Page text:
A noir docudrama that’s long on suspense and a brilliant exercise in taut direction and evocative cinematography, Anthony Mann’s T-Men is a film that deserves to be far better known.
The Production: 4.5/5
A noir docudrama that’s long on suspense and a brilliant exercise in taut direction and evocative cinematography, Anthony Mann’s T-Men is a film that deserves to be far better known. Combining aspects of the police procedural with an inside look on how treasury agents work to bring down counterfeiters, T-Men catches one’s attention early on and never lets go. The excellent, unshowy performances likewise give the movie a power and grace that bigger studio productions with all-star casts of the era could only envy.
Getting word that counterfeiters out of Los Angeles possessed a quantity of high-quality paper to make superb phony money, the Treasury Department conscripts two of its lesser known agents to head the undercover operation: Dennis O’Brien (Dennis O’Keefe) will masquerade as Vannie Harrigan and Tony Genaro (Alfred Ryder) will be Tony Galvani, both playing young, hungry con men willing to start at the bottom of the mob operation in Detroit before transferring to the big time in Los Angeles. With a great pair of counterfeit engraving plates, O’Brien finally gets introduced to the counterfeit syndicate through the weasel-like connections of The Schemer (Wallace Ford), but the duo must watch their every step since the mob is not reckless nor naïve when it comes to dealing with shady characters, and the slightest slip by either O’Brien or Galvani could spell their doom and the end of the operation.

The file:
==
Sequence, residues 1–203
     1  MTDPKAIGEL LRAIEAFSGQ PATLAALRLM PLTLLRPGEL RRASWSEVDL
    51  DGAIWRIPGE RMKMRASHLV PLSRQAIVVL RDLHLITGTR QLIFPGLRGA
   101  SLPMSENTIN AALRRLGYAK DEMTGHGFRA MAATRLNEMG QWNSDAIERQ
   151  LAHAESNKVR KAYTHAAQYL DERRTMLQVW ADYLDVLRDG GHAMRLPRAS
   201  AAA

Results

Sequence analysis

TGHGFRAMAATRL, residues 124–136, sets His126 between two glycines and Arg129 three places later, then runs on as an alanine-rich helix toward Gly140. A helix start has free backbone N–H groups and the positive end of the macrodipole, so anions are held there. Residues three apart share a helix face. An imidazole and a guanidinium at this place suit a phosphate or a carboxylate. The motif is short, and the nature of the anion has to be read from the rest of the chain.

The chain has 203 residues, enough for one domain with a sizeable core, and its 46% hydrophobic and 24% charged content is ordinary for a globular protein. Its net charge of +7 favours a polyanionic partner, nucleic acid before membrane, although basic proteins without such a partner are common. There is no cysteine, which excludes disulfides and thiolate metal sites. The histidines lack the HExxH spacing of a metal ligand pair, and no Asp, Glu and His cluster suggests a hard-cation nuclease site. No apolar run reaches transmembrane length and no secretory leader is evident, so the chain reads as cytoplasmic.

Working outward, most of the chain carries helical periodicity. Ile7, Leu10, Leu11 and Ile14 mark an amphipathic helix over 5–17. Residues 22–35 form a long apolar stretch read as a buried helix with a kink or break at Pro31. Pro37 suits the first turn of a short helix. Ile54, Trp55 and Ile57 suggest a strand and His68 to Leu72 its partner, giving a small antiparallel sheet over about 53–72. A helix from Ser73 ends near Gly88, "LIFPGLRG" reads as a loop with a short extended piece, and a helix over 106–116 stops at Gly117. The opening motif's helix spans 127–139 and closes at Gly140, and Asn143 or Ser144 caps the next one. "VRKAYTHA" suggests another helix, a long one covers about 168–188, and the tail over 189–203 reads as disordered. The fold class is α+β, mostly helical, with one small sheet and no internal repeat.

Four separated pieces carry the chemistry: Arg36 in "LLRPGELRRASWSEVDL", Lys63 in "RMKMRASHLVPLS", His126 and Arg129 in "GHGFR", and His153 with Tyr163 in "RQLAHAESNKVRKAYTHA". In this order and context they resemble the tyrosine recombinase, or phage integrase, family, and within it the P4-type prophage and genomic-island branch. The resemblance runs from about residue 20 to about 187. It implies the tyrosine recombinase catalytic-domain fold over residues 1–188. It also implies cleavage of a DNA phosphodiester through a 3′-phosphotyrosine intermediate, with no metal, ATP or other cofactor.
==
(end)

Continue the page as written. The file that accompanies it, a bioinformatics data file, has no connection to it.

The screenplay by John C. Higgins takes its time delivering the exposition necessary to help audiences understand the meticulous preparation necessary for the treasury agents (“T-Men” of the title) to be able to succeed in fooling experienced gangsters who must always be on the lookout for police and governmental operatives. The stentorian narration by Reed Hadley takes us step-by-step through the agents’ motivations, preparations, and reactions to their daily experiences which shape their next moves while never merely describing on-screen activity, and it certainly gives an authentic feel to the storytelling of this notorious “Shanghai Paper Case.” Then, the superbly thoughtful and meticulous direction of Anthony Mann with its fascinating John Alton camera placement choices (many shots taken from low angles with bodies hurling toward the camera or focusing on multiple figures sometimes in both foreground and background in the same shot and occasionally shocking us with murders from behind where the shooter is blocked by the body of his soon-to-be victim) brings us home with such a variety of set-ups that the movie is continually inventive both visually (several montages work beautifully including one in a succession of steam baths which has a great payoff later in the movie) and aurally (the sound recording earned an Oscar nomination). The tension becomes tauter and more excruciating as the movie runs as our two protagonists run into unanticipated problems trying to keep their true identities a secret while inching closer and ever closer to learning the identity of Mr. Big.